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By Chris DiamondMay it please the Court: I am honored to be here representing 5 families from across this state, plus the non-profit corporation Texans for Real Efficiency and Equity in Education and The Texas Association of Business. The evidence will show that these Efficiency Intervenors have been harmed by the denial of an efficient system of public free schools as required by the Texas Constitution. The Texas Supreme Court has clearly recognized, “money is not the only issue, nor is money the only solution.” After 30 years of litigation regarding funding issues in the system of public free schools in Texas, the Efficiency Intervenors have brought the first case regarding the qualitative efficiency of the system. From the initial Edgewood I case through the most recent West Orange-Cove decisions, the Texas Supreme Court has consistently called for qualitative efficiency and defines it as “conveys the meaning of effective or productive of results and connotes the use of resources so as to produce results with little waste.” Additionally, the court has consistently called for structural change to make the system efficient. The evidence will show in this case, that the structure of the current system of public free schools in Texas is not qualitatively efficient – it is not productive of results with little waste. That is a conclusion that is hard to debate. In fact, if it were effective or productive or results, none of us would be here today. The fact that the system is not productive of results, as the evidence will show, is a symptom of a larger, more fundamental structural problem: the current system is simply a public monopoly. And monopolies are inherently inefficient. This is not a new concept. The Texas Supreme Court in West Orange-Cove II stated: “Perhaps . . . public education could benefit from more competition, but the parties have not raised this argument . . . .” The Efficiency Intervenors have accepted that invitation and are standing before the court today as the only plaintiff who has actually been invited to this litigation by the court. Our case has been about efficiency and competition from the beginning. It has been wrongly classified by those who only read on the first few pages of our 18-page plea in intervention referring to us as a 1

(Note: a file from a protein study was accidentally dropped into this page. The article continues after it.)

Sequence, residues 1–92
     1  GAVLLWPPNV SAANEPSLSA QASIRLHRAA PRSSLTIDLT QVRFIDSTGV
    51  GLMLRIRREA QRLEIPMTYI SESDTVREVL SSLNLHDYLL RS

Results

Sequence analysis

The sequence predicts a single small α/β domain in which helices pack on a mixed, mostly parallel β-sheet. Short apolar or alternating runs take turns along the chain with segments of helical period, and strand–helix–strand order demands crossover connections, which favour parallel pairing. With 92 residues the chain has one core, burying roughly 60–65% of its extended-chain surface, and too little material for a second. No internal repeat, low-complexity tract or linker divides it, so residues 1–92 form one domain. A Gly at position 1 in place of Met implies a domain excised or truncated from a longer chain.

charter school group. My friend, Mr. Robert Schulman, is sitting to my left and he is doing a fine job as the charter school group’s lawyer. The Efficiency Intervenors are first and foremost a case about bringing competition to the system – and just as importantly, the ability for consumer-driven, supply side change in the system. Key questions for this honorable court and then for the legislature: Can any monopoly be efficient? Does real equity for students require consumer choice? The evidence will show that nothing in the Texas Constitution requires that the system of public free schools be operated as a monopoly. In fact, that prohibition appears in the Bill of Rights of our Constitution: “Sec. 26. Perpetuities and monopolies are contrary to the genius of a free government, and shall never be allowed, nor shall the law of primogeniture or entailments ever be in force in this State.” To be clear in this opening statement, just as our pleadings are clear – this is not a claim under Art. I, sec. 26. It is an Art. VII, sec. 1 claim where the evidence of inefficiency is the existence of a monopoly, and the prohibition in the Texas Constitution is simply evidence that monopolies are fundamentally frowned upon in Texas and are contrary to the “liberties and rights” of the people. The evidence will show that experts from every group in this litigation – efficiency intervenors, plaintiff ISD’s, and the state defendants – agree on this: Dr. James Guthrie, an expert for the state referred to the system as a cartel, and agreed it was monopolistic. Dr. Jacob Vigdor, an expert retained by the plaintiff ISD groups, provided a report recognizing that since 1962, Milton Friedman noted monopoly power in the market for education. As the evidence will show, Vigdor went on to state that schools districts that have monopoly power over consumers, also have monopsonist power over teachers, which artificially drives down wages and demand for teachers. And, most of the Efficiency Intervenors’ own experts will testify that the current system is a monopoly. As pointed out, this is not a new idea – Nobel Prize economist Milton Friedman testified before the Texas House of Representatives just a few blocks away on March 18, 2003 that the system of public free schools in Texas is a monopoly. Why is this important? The evidence will show, as backed-up by history and common sense, that monopolies are inefficient. By definition, they drive up prices, increase costs, keep wages low, and erect barriers to others entering the market. Sound familiar? As the evidence will show; that last one will ring true throughout this trial, as the ISD Plaintiffs will forcefully contest any notion of allowing the demise of their monopoly power. This is not just about school choice. As Dr. Vigdor recognizes, school districts have a monopoly that affects the market for consumers AND a monopsony, that negatively affects the market for teachers. Thus keeping wages down, and inefficiency up. The best kept secret, the injection of market forces will benefit both teachers and students. 2